Ms. Perry's Career Pathways class helps ward off vampires from our garden by planting garlic. They pushed the cloves (thank you for the donation Sellers Family of Little Spring Farm!) about 2 inches deep into the ground pointy end up, 6 inches apart from one another. Planting garlic around your garden is a chemical-free way to ward off pests like vampires and insects. Garlic will be mulched over immediately, and then ready to harvest in the spring. Garlic is a fun plant to watch (and eat!) all year long.
Warren County High's School Garden Club met last week for the first time. The members were able to plant mums in the garden, lettuces in the greenhouse, re-pot transplant tomatoes, and plan what they want their space to look like. After school gardening was very fun, and the students are looking forward to beautifying the space and being creative!
Students at Warren New Tech High School delved deeper into their food choices last week. As part of their group project based on the novel The Jungle by Upton Sinclair, Mr. Packer's junior English class has been working to document their food choices on a typical day. Each group made a video journal of their diet, and made a graph based on food groups chosen throughout the day. Then, students learned about what their graph should look like, based on MyPlate. Students worked with our FoodCorps Service Member Caroline Stover to compare their plate to MyPlate. We also worked together to prepare a fresh salsa recipe using produce straight from the high school garden. Students were able to analyze the benefits of eating fresh produce from a local garden or farmer versus vegetables which traveled in from other states. Plus, the salsa was delicious!
FoodCorps North Carolina presented their program at Carolina Farm Stewardship's Sustainable Agriculture Conference in Greenville, SC. As part of the presentation to 70 workshop participants interested in Farm to School programs, Warren County FoodCorps was able to describe Northside Elementary's program during Bulldog Academy. Participants were so excited about students having the opportunity to work inside the cafeteria to get them excited about fresh food, and asked how to duplicate this experience for their students. FoodCorps was excited about being able to spread the word about Warren County's innovative programs.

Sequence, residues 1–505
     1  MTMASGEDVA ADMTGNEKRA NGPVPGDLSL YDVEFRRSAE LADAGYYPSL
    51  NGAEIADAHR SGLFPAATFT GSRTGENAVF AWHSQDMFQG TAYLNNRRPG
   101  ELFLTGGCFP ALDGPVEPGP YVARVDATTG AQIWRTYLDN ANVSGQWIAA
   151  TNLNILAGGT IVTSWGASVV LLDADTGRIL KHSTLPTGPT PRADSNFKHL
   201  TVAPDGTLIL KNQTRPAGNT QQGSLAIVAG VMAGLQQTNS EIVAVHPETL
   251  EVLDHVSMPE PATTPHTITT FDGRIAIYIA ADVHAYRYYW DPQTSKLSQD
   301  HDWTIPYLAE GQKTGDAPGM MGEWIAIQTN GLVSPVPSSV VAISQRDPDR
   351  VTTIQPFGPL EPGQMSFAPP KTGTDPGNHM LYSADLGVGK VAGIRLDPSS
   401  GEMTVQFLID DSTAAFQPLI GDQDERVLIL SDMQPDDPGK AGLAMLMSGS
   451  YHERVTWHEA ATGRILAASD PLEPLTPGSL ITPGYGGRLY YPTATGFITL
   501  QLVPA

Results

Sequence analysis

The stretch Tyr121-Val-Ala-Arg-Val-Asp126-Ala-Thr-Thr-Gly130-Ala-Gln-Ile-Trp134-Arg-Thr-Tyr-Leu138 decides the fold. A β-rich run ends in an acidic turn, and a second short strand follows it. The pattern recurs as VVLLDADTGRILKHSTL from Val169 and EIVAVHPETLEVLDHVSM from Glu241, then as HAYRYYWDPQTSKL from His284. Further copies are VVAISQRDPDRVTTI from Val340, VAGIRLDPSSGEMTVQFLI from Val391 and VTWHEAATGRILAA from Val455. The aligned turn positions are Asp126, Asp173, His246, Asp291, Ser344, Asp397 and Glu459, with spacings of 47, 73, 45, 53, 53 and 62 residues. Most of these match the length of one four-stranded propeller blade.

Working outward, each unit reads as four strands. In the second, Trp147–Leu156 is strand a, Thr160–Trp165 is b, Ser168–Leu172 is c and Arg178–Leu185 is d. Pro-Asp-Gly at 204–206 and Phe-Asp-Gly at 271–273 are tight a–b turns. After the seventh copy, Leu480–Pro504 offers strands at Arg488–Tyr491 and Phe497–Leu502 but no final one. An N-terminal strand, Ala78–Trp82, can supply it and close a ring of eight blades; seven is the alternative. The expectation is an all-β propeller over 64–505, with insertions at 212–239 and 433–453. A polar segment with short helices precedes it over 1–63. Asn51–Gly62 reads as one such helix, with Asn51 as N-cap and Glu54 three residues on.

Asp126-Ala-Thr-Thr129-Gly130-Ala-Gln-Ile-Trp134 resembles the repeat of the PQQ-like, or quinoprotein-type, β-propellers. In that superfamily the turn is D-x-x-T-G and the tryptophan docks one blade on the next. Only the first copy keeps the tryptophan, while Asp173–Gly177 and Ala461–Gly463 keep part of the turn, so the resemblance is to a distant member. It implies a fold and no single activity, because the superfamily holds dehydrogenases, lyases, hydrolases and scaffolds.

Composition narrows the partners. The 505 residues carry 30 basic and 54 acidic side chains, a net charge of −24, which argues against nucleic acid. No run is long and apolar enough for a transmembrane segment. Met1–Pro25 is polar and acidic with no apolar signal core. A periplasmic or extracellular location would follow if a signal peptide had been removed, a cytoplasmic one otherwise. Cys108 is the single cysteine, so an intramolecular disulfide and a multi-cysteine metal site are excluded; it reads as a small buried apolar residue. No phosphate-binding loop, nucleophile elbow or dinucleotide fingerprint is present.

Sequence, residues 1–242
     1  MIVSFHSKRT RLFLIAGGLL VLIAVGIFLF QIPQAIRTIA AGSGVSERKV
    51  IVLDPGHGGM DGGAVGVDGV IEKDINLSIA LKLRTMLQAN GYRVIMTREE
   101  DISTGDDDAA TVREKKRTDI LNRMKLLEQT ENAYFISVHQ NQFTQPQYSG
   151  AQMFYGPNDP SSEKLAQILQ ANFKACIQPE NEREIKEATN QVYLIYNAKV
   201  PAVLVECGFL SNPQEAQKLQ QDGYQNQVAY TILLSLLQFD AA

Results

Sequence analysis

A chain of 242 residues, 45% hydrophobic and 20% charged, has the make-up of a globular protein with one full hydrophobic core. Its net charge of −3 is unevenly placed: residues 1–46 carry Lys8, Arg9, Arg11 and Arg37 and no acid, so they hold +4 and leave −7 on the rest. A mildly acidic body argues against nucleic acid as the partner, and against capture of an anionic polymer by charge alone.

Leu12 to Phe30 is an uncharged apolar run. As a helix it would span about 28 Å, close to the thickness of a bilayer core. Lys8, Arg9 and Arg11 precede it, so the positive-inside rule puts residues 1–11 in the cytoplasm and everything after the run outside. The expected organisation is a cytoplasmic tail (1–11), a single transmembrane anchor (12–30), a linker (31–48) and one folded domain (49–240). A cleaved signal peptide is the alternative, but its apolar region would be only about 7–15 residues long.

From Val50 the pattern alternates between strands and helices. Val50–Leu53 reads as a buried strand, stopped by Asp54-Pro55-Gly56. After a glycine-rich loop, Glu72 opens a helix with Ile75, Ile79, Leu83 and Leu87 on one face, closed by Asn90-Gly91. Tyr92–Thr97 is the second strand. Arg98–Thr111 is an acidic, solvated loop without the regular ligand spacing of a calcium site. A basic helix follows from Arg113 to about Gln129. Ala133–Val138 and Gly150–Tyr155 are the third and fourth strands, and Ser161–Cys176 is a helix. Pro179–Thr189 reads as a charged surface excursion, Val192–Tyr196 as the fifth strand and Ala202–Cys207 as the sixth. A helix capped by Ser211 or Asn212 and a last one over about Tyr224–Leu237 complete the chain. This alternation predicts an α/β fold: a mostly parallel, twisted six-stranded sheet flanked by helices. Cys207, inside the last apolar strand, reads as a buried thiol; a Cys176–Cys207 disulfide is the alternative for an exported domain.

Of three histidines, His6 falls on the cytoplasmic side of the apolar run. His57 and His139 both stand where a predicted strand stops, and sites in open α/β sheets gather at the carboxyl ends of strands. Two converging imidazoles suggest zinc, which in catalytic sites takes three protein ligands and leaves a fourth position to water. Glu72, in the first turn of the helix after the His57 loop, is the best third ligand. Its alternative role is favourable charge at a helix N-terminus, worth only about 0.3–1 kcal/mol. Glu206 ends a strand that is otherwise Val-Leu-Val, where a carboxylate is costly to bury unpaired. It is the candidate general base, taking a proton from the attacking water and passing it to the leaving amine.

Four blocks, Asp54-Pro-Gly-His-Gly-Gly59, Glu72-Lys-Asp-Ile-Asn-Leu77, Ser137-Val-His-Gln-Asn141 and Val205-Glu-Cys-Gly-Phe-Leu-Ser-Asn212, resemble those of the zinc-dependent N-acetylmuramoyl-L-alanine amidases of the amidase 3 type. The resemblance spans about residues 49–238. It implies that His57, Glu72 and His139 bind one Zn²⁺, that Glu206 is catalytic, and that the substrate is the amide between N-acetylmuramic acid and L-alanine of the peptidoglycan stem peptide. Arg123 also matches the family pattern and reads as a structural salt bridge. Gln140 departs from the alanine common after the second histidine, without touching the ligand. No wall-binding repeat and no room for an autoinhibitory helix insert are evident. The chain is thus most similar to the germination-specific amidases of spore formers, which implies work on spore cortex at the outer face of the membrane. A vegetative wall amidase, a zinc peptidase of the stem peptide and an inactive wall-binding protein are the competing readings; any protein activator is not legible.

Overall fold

Ms. Perry's students prepare to plant lettuce and broccoli.
Warren County FoodCorps has gotten off to a great start! The Warren County High School Garden program has been continued with the help of Mr. Traylor's Agriscience and Horticulture classes, as well as Ms. Perry's Career Pathways course for 9th graders. These classes have been instrumental in preparing the garden for planting, planting fall vegetables, and constructing a fence to deter deer and varmints from entering the garden.
Students in these classes along with those in Ms. Jones's class have been able to use the summer produce that is still maturing on the plants. We've had a bell pepper and hot pepper tasting for all six of Ms. Perry's classes, using produce picked straight from the garden by students. Mr. Traylor and Ms. Jones have had classes able to use carrots from the garden to make a kale and carrot salad. Yum! Tomatoes, peppers, onions, and herbs from the garden made a delicious salsa for Mr. Traylor's classes as well! Two of Ms. Perry's classes got to make garden fresh and North Carolina fresh sweet potatoes using their own recipe in the WCHS Cooking Lab. Students really enjoyed their sweet potato dishes, and were able to share with administration and cafeteria staff.
Caroline Stover is from Winston-Salem, NC, and is currently serving as Warren County's FoodCorps Service Member.